Longtime Longview store's closing sign of shift in music sales
By Jo Lee Ferguson, Special to the News-Journal
June 22, 2013 at 11 p.m.
A constant soundtrack of classic rock plays in the background at CDs and More in Longview, setting the stage for what can only be described as a visit to the old school of record stores.
Old music posters. Handwritten signs. Stacks of vinyl records sitting in boxes, waiting for people to flip through them.
Does anyone even use that term anymore - record stores? But it's how Tom Shomaker started his business in 1987, as East Texas Records on Texas 149. Six years later, he changed the name and moved the business into town, next to what was then the bustling North Loop Six movie theater.
It was 1993, and the first "Jurassic Park" was playing, Shomaker recalled. Moviegoers lined up past his store and around the corner to buy tickets.
Time passed, and soon, time will move on without CDs and More, without its collection of new and used CDs, records, DVDs and VHS tapes, T-shirts and video games.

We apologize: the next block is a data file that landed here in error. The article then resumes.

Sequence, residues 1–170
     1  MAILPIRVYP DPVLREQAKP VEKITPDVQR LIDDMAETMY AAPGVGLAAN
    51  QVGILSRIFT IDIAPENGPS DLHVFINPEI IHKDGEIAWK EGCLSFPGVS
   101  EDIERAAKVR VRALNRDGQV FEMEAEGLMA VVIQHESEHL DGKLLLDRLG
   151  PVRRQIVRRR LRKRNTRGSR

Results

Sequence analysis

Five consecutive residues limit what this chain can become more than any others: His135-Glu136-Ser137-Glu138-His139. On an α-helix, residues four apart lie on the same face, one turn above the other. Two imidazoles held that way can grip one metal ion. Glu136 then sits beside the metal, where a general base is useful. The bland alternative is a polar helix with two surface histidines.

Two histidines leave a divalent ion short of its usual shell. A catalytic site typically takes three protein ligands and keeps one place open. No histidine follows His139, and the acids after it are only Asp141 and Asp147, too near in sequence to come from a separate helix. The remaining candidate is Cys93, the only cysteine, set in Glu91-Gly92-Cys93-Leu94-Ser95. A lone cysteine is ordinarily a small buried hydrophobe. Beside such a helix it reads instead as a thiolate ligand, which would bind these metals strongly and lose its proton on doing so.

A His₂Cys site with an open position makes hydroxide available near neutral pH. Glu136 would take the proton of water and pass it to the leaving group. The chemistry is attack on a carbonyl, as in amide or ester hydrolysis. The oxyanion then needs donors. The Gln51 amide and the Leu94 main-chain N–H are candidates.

Sometime around the middle of July, Shomaker will begin what he's calling a "moving sale," with some of his inventory going to a booth at the Greggton Antique Mall and some of it going to a building at his house, from which he plans to occasionally sell items.
CDs and More will be no more.
"It's sad. It's bittersweet. I'm fed up with it, and I'm sad to see it go, both," he said.
It's a story that's played out across many industries, as mom-and-pop outfits such as Shomaker's give up the battle to big box stores that can get better prices on merchandise, and to the increasing number of outlets reached from customers' computers, tablets and smartphones.
"The thing is, everybody's downloading their stuff," said Shomaker, 64. "They're putting the small guy out of business."
Certainly, the way people buy music has changed. Digitally distributed music formats captured more than 50 percent of the market by dollar value for the first time in 2011, according to information from the Recording Industry Association of America.
In 2012, it comprised 59 percent of the market. That growth took place during 10 years, from 2003 when digital sales didn't even register on the association's sales statistics.